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Two days ago, I looked at the median age of defensive players based on interceptions. And yesterday, I looked at the median age of players based on sack totals.

Today, we will do the same thing but by position, using AV as our tool of measurement.

First, let’s start with defensive linemen. On average, from 1970 to 2016, 50% of all AV came from players 27.0 years of age or younger as of September 1st of the season in question. That number rose to as high as 27.6 in 1999, dropped to just 26.1 in 2013, and has been around 26.5 over the last three seasons.

At linebacker, the average age has been slightly younger (26.6). The peak there was in 1998 at 27.8, and was as low as 25.5 in 1978.

For defensive backs, the variation range has been a bit narrower, with an average age of 26.5.

Finally, let’s put all three together on one chart:

There are a number of interesting observations to be made. The average age rises for a number of years — what does that mean? On one hand, you could argue it means that colleges were doing a poor job of injecting young talent into the league. A counter argument would be that with better weight training, compensation, and nutrition, players were able to last for longer. Did the 1978 rules changes impact things, too?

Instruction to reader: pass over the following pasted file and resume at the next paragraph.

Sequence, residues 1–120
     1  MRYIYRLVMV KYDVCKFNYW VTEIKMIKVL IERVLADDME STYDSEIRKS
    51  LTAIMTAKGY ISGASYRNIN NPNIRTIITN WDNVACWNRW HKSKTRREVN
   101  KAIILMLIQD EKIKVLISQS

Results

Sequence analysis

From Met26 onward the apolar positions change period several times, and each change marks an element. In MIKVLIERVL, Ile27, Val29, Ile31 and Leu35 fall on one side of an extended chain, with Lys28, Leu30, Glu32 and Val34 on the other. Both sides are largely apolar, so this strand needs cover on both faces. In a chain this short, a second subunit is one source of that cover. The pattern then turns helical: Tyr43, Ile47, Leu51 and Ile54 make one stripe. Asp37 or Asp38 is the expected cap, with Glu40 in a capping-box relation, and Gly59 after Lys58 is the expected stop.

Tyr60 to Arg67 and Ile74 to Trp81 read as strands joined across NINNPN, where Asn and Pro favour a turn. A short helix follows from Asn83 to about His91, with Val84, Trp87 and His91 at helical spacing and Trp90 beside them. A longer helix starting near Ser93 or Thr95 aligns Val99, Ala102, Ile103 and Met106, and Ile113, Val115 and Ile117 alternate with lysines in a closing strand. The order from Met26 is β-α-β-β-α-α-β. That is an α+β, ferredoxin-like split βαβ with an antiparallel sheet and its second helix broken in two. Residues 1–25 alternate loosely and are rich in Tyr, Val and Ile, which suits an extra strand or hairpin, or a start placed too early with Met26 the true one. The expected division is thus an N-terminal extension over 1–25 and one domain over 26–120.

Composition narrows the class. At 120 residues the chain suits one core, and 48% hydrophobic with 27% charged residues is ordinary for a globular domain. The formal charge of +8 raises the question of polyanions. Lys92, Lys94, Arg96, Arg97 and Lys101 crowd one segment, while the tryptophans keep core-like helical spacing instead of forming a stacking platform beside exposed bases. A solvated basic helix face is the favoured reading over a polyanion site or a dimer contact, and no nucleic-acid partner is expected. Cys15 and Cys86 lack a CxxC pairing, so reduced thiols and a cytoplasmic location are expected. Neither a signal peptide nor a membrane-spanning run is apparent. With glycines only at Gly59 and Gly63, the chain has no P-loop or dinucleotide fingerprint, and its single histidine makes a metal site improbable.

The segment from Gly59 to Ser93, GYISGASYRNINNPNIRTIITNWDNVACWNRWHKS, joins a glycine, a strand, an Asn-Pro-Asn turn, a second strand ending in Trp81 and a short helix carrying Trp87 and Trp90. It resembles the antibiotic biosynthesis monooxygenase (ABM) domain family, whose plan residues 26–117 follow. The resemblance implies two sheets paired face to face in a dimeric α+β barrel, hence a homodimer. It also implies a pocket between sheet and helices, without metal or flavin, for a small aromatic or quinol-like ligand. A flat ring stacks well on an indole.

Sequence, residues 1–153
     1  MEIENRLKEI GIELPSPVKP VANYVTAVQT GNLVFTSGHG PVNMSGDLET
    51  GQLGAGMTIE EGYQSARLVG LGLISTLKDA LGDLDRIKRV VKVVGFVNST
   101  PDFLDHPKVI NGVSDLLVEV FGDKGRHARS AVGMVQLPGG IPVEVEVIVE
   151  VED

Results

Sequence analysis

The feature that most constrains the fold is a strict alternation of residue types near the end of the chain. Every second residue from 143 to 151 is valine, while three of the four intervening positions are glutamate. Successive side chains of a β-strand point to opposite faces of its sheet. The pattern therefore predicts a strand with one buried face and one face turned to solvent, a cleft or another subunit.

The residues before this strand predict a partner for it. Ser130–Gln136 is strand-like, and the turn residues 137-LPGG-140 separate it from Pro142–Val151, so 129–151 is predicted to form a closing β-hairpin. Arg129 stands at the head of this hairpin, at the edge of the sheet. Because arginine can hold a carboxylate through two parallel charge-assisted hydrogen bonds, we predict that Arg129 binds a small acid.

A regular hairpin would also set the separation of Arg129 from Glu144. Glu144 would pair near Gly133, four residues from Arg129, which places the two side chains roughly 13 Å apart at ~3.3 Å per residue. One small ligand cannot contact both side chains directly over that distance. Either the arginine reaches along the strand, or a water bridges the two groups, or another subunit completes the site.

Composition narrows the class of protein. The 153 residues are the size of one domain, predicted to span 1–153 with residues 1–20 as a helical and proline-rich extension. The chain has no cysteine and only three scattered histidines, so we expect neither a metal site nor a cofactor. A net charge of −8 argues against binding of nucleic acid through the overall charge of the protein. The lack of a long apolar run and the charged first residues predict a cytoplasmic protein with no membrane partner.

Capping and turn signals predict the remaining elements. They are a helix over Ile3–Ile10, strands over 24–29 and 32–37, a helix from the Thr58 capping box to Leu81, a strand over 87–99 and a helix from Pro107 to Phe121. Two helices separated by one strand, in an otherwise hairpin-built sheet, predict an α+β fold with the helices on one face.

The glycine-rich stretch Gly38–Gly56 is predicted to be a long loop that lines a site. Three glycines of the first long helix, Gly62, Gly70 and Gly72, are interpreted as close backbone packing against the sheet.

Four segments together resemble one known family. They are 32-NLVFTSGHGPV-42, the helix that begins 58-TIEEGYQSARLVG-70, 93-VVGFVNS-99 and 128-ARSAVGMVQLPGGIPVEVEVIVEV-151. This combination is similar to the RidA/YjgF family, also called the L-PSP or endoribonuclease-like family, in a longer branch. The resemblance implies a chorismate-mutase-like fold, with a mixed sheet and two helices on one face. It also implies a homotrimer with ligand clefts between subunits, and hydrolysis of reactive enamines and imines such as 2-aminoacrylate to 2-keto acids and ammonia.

But teams went younger beginning in the early ’00s — about a decade after the introduction of the salary cap — and what does that mean? Right now we are in a particularly young era: teams are greatly preferring younger players, which likely is a reflection of the new CBA. But is that the only thing driving that? Are colleges doing a better job now of injecting young talent?